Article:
THE DANUBE RIVER STURGEON POPULATION GROWS, DESPITE THE COVID-19 CRISIS
A year ago, in the first half of 2019, 5,000 juvenile sterlets (Acipenser ruthenus) were released in Hungary, and more than 1,000 of Russian sturgeons (Acipenser gueldenstaedtii) in Romania. This year, despite the pandemic, stocking events continue, with another 1,800 fish swimming free in the Danube, bringing the total to 7,800 sturgeons released as part of the MEASURES Project.
“Conservational restocking is one of many necessary actions to save endangered fish”, says Thomas Friedrich, University of Natural Resources and Life Sciences, Vienna.
The sterlet restocking was managed by NAIK-HAKI, a project partner in MEASURES, and the event took place at Baja (Hungary) between 13-15th May, 2020. In total, 1,500 fish were restocked during these three days. The fish were more than 1 year old and have good survival chances in the wild. They were also tagged with T-bar plastic anchor tags (yellow), which will make it easy to identifly them in case they are recaptured by in-situ surveys, or anglers. A recapture survey is planned at the end of 2020 in Hungary, this will provide further insight about the success of restockings.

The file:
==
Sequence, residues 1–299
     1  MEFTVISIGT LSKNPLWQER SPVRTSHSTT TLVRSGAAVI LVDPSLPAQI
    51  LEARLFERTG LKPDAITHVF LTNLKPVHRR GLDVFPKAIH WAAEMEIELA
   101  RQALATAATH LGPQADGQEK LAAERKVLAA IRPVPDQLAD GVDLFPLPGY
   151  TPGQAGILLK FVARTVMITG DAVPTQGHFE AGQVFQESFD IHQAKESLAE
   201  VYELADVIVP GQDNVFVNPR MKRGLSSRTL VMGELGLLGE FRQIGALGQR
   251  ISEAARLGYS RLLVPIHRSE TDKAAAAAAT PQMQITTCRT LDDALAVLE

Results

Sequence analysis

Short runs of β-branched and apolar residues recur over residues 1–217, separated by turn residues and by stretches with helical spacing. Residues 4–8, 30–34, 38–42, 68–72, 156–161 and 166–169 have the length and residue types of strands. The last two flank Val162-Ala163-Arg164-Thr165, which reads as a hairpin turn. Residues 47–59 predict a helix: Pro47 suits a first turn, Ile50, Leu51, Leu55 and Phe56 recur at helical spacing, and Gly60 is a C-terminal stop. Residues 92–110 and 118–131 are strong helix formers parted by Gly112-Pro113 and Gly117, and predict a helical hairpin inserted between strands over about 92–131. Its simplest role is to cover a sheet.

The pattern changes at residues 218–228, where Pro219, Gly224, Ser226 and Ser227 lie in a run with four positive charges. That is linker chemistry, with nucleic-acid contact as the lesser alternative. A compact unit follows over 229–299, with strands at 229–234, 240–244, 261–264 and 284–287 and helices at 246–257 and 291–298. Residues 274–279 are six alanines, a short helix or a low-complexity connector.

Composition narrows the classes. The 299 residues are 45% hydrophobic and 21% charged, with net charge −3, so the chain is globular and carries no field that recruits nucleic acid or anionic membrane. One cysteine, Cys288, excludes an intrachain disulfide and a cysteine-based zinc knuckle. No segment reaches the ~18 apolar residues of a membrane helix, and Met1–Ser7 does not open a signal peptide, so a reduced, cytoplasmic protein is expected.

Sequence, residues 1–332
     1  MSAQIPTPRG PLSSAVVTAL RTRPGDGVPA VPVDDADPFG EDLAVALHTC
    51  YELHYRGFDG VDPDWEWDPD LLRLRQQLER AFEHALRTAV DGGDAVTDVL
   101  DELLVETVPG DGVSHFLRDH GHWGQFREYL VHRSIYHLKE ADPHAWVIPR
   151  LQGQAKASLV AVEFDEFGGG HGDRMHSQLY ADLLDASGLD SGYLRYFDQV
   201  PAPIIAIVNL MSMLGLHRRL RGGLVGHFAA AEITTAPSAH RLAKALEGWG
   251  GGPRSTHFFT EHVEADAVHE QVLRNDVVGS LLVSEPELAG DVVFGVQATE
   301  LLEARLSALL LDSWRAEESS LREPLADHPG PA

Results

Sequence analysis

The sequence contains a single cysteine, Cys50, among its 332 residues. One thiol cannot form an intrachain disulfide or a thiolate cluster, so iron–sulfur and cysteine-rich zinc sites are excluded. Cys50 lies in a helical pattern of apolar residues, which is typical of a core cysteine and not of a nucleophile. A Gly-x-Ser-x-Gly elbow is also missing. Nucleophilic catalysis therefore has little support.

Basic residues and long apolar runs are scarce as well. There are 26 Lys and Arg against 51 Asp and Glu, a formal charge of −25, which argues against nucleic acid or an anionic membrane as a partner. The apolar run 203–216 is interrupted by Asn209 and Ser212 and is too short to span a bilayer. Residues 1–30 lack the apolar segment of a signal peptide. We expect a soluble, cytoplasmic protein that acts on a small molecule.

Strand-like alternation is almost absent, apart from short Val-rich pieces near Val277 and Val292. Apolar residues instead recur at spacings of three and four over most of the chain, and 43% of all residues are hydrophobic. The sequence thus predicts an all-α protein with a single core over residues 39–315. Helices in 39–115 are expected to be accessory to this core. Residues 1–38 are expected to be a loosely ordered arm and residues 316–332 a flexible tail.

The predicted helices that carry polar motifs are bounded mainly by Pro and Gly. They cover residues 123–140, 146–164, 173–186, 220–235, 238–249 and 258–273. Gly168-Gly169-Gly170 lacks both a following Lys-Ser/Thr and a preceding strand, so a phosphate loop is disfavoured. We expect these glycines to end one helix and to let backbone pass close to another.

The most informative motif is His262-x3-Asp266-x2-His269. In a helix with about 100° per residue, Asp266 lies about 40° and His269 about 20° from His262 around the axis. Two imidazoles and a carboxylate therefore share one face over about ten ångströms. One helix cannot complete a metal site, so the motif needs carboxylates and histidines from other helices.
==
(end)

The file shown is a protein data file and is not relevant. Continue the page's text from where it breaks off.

Last month, 300 juvenile Russian sturgeons were also released into the Danube River, this time at Isaccea, in Romania. “The fish were released after being previously individually tagged with PIT (Passive Integrated Transponder) microchips. Taking into account that commercial fishing of sturgeon is prohibited in Romania, we consider that sturgeons have a high chance of safely reaching the sea to grow and to return to the Danube for reproduction,” says Marian Tudor, Danube Delta National Institute for Research and Development.
The Russian Sturgeon, along with the Starry Sturgeon (Acipenser stellatus), the European Sea Sturgeon (Acipenser sturio) and the Beluga Sturgeon (Huso Huso) are on a list of marine species which need to be protected, according to a Ministerial Order which was published in The Official Journal of Romania, this April.
This list is to be transmitted to the Permanent Secretariat of the Black Sea (part of the Black Sea Convention), in order to be included in the Black Sea Red Data Book, which is updated every 5 years on the basis of scientific evidence.